This post was co-written by Tom Donnelly, Counsel and Message Director of Constitutional Accountability Center.
The future of the Supreme Court is the 800-pound gorilla in the room this election season that neither candidate seems to want to talk about much. That's what made President Obama's Rock Center remarks last week on Citizens United -- a 5-4 ruling by the Court in 2010 that unleashed the specter of unlimited corporate expenditures on our nation's political system -- so important. Asked what problem in the political system he'd solve if he had "unlimited powers," Obama responded that the amount of money his campaign, the Romney campaign and the Super-PACs were spending was "ridiculous," and he blamed Citizens United, saying it was wrong as a matter of constitutional law and "bad for our democracy."
This is not the first time the president has raised this critique. As he noted last week, Obama took the "fairly unusual step" of calling out the conservative majority on the Court for its 5-4 ruling in Citizens United in a State of the Union speech shortly after the opinion was released. This summer, President Obama even suggested that, if the Court did not reverse course, he would support a constitutional amendment to overturn the Court. Clearly Citizens United hit a presidential nerve. Just as clearly, Citizens United has become a very potent rallying cry for progressives trying to raise concerns about the Roberts Court and to promote political reforms.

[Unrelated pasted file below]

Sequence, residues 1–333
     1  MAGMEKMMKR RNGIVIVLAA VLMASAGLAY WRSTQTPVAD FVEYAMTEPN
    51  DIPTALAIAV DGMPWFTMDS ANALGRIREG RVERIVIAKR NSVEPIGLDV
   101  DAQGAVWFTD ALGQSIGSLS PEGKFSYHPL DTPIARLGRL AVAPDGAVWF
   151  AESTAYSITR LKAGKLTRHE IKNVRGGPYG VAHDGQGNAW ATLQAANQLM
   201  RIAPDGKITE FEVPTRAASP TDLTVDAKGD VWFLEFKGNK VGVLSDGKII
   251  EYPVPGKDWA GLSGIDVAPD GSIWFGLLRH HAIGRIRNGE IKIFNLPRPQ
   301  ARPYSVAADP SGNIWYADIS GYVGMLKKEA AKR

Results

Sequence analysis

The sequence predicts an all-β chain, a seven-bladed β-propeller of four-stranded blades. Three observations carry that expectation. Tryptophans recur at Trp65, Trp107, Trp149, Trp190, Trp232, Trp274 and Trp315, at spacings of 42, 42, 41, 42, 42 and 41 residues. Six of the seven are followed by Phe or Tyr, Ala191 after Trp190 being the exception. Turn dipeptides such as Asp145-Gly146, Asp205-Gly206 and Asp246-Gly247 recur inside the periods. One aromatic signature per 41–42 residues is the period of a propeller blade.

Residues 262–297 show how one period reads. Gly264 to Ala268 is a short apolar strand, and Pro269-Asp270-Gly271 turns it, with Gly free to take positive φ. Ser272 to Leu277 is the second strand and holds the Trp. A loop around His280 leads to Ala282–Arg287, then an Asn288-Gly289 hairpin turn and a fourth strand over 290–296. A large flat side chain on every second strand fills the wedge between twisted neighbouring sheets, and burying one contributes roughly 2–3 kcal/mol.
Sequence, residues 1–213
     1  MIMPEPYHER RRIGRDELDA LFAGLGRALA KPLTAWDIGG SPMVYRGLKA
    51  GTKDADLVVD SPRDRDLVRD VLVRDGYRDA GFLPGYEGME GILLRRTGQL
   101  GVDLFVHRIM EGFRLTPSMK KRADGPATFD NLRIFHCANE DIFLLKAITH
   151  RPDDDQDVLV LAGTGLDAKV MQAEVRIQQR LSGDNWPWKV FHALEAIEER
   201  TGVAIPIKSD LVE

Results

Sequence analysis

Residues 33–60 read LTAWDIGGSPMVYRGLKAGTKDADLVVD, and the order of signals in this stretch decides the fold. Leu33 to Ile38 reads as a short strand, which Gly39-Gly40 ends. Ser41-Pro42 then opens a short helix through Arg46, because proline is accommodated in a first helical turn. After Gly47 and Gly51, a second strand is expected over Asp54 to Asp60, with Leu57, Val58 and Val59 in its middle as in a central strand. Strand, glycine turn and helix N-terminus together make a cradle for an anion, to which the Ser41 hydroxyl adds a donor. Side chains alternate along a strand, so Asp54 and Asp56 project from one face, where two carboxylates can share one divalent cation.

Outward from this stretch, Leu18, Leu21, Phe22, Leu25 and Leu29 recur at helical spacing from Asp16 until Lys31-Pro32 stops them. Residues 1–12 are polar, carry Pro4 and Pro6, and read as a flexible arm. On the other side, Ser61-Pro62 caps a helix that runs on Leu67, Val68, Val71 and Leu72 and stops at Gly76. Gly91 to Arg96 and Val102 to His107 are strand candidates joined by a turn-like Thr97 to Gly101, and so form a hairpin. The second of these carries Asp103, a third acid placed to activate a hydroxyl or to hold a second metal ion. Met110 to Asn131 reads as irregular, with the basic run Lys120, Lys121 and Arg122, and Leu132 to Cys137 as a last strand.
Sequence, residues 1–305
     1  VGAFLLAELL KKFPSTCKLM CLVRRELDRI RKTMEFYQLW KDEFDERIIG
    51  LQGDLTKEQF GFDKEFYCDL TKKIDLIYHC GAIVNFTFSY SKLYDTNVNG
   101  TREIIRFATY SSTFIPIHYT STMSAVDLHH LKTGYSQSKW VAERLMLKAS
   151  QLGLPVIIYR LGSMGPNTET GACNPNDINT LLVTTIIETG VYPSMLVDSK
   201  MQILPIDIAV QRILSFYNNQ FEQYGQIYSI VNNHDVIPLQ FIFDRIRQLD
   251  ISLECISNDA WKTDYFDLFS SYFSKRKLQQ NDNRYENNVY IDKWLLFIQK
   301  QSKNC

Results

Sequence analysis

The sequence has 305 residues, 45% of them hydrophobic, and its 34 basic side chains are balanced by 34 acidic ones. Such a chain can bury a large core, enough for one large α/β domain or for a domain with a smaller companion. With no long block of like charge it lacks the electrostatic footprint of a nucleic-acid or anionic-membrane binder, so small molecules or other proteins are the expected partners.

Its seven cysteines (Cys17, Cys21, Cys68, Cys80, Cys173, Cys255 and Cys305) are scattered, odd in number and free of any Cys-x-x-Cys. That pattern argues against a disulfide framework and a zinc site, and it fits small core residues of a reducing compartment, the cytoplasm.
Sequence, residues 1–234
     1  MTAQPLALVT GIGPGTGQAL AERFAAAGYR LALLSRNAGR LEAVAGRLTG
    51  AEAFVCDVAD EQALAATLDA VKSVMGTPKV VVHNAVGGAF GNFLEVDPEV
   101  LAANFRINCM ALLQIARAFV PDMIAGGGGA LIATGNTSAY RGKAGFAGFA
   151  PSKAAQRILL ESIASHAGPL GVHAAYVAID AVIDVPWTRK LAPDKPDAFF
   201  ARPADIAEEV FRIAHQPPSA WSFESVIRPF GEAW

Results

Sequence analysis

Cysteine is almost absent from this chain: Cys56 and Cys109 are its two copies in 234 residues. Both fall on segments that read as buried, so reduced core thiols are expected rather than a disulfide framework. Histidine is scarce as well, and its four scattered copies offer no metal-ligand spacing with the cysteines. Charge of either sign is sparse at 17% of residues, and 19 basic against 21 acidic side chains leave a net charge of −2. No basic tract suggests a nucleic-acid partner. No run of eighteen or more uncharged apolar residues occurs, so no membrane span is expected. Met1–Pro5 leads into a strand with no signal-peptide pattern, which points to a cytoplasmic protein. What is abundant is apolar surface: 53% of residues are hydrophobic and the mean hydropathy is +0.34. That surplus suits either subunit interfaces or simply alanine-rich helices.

But the very potency of Citizens United as a political weapon has produced a backlash of sorts among a small but vocal cadre on the libertarian left who supported the outcome in Citizens United. No one wants to be remembered for supporting a ruling that is quickly being elevated in progressive circles to a pantheon of conservative judicial atrocities that includes Lochner v. New York and Bush v. Gore. Thus comes a rather surprising argument from these left-leaning libertarians: Citizens United isn't really that important after all.
This argument, spelled out this summer in an opus by Matt Bai in The New York Times Magazine, goes like this. Citizens United permits unlimited spending by corporations to support the election of candidates of their choice. Previous rulings by the Supreme Court had already permitted unlimited spending by individual Americans. The available evidence indicates that most of the flood of money being pumped into the 2012 campaign is coming from billionaires, not corporations (Sheldon Adelson, not Exxon). Because this could have occurred before Citizens United, critics are wrong to blame our problems on the ruling. "Liberal delusion" is how Ira Glasser, a former head of the ACLU, dismissively labels the progressive (and the president's) criticism of Citizens United.
The error in these "Citizens-United-is-not-the-problem" claims, most fundamentally, lies in their effort to treat Citizens United in isolation. While it is certainly true that there were problems with our campaign finance system before Citizens United, it is also undoubtedly true that Citizens United caused a very big new problem -- the unleashing of unlimited corporate spending on electioneering. In the words of Steven Law, head of American Crossroads Super PAC, "the ruling served as 'a Good Housekeeping seal of approval for nervous general counsels' at corporations considering donations." Citizens United also pushed along a much larger problem: the systematic dismantling of the campaign finance system by the Supreme Court's conservative majority.